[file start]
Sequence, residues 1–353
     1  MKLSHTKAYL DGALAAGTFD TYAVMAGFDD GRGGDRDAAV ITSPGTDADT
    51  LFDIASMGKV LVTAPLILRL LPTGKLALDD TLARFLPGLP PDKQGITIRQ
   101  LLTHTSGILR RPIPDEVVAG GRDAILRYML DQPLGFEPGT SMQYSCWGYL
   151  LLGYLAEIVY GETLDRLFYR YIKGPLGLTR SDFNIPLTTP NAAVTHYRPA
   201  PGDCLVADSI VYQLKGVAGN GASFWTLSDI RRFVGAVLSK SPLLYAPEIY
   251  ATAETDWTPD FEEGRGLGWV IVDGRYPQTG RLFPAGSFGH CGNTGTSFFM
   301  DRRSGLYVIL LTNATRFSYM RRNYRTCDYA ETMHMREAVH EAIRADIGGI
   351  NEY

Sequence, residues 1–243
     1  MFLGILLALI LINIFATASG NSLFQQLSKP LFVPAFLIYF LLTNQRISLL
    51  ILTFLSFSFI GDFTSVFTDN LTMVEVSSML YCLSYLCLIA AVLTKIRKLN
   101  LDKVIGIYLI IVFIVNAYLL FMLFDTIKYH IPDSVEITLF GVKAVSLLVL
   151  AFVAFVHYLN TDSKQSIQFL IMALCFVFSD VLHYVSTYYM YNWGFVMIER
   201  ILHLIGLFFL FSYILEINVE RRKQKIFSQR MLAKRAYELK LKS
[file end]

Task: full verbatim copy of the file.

Sequence, residues 1–353
     1  MKLSHTKAYL DGALAAGTFD TYAVMAGFDD GRGGDRDAAV ITSPGTDADT
    51  LFDIASMGKV LVTAPLILRL LPTGKLALDD TLARFLPGLP PDKQGITIRQ
   101  LLTHTSGILR RPIPDEVVAG GRDAILRYML DQPLGFEPGT SMQYSCWGYL
   151  LLGYLAEIVY GETLDRLFYR YIKGPLGLTR SDFNIPLTTP NAAVTHYRPA
   201  PGDCLVADSI VYQLKGVAGN GASFWTLSDI RRFVGAVLSK SPLLYAPEIY
   251  ATAETDWTPD FEEGRGLGWV IVDGRYPQTG RLFPAGSFGH CGNTGTSFFM
   301  DRRSGLYVIL LTNATRFSYM RRNYRTCDYA ETMHMREAVH EAIRADIGGI
   351  NEY

Sequence, residues 1–243
     1  MFLGILLALI LINIFATASG NSLFQQLSKP LFVPAFLIYF LLTNQRISLL
    51  ILTFLSFSFI GDFTSVFTDN LTMVEVSSML YCLSYLCLIA AVLTKIRKLN
   101  LDKVIGIYLI IVFIVNAYLL FMLFDTIKYH IPDSVEITLF GVKAVSLLVL
   151  AFVAFVHYLN TDSKQSIQFL IMALCFVFSD VLHYVSTYYM YNWGFVMIER
   201  ILHLIGLFFL FSYILEINVE RRKQKIFSQR MLAKRAYELK LKS